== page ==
WORDS BY Mie Hoejris Dahl
After a deadly decade for environmental activists and defenders of the Earth, The Frontline asks: is there a way out?
In the southwestern jungles of Venezuela in the Autana municipality, Indigenous territorial guards used to patrol their lands 24/7, armed with spears, bows, and fletches. They were in fight mode, prepared to fend off armed groups and illegal gold mining activities. Some of them barely slept. “The situation didn’t call for sleep; it called for tears,” said one guard in Spanish, remembering the severity of the threats.
Since their leader Virgilio Trujillo Arana was killed in June, the guards have been receiving death threats that make them fear for their lives. The unnamed guard spoke to Atmos on the condition of anonymity to ensure their safety. They won’t even leave their village to defend the surrounding rainforests anymore. The last time they went out on patrol was right before the assassination of their leader. Now, they won’t even talk on their phone. Instead, they spoke to Atmos through a borrowed connection. Despite the Indigenous guards’ several requests for protection from the government and two recent attempts by armed guerillas to kidnap their members, they haven’t received any support.
This leaves the Indigenous guard in the Venezuelan Amazon living an isolated, fearful life. Their story reveals an alarming pattern where protecting land and the environment often turns deadly. A report last year from international human rights group Global Witness documented the killing of 1,733 environment and land defenders over the past decade. That’s one killing about every two days.
These findings raise an important question: what can be done to protect defenders in the decade ahead? Governments can make agreements and promise to persecute assailants, but ultimately, this needs to happen alongside a strengthening of civil society. The public must share defenders’ stories of triumph and hardship to shift the narrative and emphasize why they need protection and support.
These defenders are primarily killed because of land conflicts, often related to illegal crops and changes in land ownership. They are targeted by governments, businesses, and powerful political players such as violent guerilla groups. Several industries simultaneously obliterate nature, contribute to a global climate and environmental crisis, and harm activists. There’s mining and logging, the construction of hydroelectric dams and roads, and agribusiness looking to cut down forests to plant monocrops or feed cattle.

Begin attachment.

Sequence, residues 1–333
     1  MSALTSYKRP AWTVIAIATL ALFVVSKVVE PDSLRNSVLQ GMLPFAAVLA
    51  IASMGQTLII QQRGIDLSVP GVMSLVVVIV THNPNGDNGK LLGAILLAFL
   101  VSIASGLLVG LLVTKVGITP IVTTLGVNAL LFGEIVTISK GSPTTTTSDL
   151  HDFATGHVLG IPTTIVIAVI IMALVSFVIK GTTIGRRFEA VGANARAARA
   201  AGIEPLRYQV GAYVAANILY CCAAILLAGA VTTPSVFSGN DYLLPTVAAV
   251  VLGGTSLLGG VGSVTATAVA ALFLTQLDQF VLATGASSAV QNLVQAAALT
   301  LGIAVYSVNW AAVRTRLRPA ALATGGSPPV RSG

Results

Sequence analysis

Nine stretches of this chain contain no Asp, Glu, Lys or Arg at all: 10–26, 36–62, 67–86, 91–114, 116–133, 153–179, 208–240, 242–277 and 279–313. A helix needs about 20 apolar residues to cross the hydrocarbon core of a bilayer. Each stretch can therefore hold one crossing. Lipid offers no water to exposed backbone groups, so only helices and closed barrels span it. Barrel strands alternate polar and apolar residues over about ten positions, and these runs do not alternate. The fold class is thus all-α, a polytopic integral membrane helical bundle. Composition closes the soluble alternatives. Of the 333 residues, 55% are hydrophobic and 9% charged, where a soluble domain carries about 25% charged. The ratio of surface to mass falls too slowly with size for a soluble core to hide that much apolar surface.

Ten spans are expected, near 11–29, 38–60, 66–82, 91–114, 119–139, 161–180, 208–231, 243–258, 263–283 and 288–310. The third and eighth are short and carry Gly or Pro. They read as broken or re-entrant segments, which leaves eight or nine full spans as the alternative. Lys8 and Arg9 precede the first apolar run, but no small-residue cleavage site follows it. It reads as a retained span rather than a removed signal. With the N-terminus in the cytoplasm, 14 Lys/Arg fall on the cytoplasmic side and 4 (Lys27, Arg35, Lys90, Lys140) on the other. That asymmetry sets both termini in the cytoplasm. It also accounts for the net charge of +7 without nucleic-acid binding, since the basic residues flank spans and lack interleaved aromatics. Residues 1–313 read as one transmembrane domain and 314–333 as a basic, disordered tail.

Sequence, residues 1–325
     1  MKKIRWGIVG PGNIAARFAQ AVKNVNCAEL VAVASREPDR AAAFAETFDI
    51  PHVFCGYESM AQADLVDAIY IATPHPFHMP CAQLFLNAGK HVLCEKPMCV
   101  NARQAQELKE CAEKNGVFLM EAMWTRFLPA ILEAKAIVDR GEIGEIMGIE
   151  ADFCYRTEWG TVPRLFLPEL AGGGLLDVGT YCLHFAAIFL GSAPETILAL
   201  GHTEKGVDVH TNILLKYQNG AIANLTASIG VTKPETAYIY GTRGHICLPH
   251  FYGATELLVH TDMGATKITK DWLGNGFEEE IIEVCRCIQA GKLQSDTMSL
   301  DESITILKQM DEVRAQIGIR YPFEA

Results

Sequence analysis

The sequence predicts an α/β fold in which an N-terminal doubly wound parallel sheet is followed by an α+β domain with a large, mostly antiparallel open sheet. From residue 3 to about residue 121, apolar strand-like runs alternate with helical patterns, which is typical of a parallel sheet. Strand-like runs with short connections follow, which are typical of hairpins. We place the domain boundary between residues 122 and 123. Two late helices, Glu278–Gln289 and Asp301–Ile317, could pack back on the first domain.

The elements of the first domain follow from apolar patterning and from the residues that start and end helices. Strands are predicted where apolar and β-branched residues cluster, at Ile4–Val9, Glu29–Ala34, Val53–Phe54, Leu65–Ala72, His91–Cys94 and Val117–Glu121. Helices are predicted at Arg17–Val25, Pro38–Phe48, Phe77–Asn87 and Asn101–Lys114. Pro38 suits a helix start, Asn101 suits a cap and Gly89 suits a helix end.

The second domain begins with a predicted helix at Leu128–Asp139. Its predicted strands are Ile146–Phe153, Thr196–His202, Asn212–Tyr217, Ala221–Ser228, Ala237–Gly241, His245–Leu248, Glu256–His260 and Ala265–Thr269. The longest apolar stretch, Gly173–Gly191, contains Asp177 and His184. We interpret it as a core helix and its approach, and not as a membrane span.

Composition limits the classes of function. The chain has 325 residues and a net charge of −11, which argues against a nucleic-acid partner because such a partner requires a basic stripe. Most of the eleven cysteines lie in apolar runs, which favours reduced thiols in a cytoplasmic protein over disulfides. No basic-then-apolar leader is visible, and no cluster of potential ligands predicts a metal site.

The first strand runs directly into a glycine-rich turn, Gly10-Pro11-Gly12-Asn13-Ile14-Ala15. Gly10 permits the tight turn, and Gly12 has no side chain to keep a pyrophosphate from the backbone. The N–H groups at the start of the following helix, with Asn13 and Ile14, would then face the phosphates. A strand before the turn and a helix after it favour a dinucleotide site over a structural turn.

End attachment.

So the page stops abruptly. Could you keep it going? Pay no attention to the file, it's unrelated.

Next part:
The fight to protect the land has become increasingly deadly over the years. While 139 killings were reported in 2012, this number was up by more than 40% to 200 killings by 2021. More than two-thirds of the murders reported by Global Witness happened in Latin America, one of the most biodiverse regions in the world—but also the deadliest for its defenders. Indigenous peoples are particularly threatened, subject to more than a third of the attacks, despite constituting only 5% of the world population.
The increased level of threats can be seen as a sign that land and environmental defenders are having an impact, explained Erica Chenoweth, a professor of the First Amendment at the Harvard Kennedy School and coauthor of the book Why Civil Resistance Works.
“They’re on to something,” they said. “They’re threatening established powers.”
“The situation didn’t call for sleep; it called for tears.”
A 2020 study by ENVJUSTICE, a research project by the European Union to study global environmental conflicts in the supply chain, found that in 11% of global cases, defenders successfully contributed to canceling environmentally damaging projects. In even more cases, they were able to affect court decisions, strengthen local participation, or introduce environmental improvements to projects.
But too often, danger bars land and environmental defenders from making these wins happen. Just look at the Indigenous guard in the Venezuelan Amazon who now finds themselves paralyzed by fear and unable to fight for their land.
It doesn’t have to be this way. According to Front Line Defenders, an Ireland-based human rights organization protecting nonviolent activists, killings are preventable if threats and attacks are immediately taken seriously. “Often, killings are preceded by threats or physical attacks,” said Sarah de Roure, head of protection at Front Line Defenders. To protect defenders, governments must act before the situation grows deadly.
Numerous actions have already been initiated. The 27 members of the European Commission came together last year at their headquarters in Brussels to present a proposal for an E.U. supply chain law. The subsequent national laws are expected to happen by 2025 and intend to hold companies accountable for environmental and social harms in their supply chains by making them pay for the damages they incur.
“This is really important because, despite nearly all killings taking place in the Global South, in so many of the cases we investigate, we see links to European companies,” said Ali Hines, senior campaigner at Global Witness.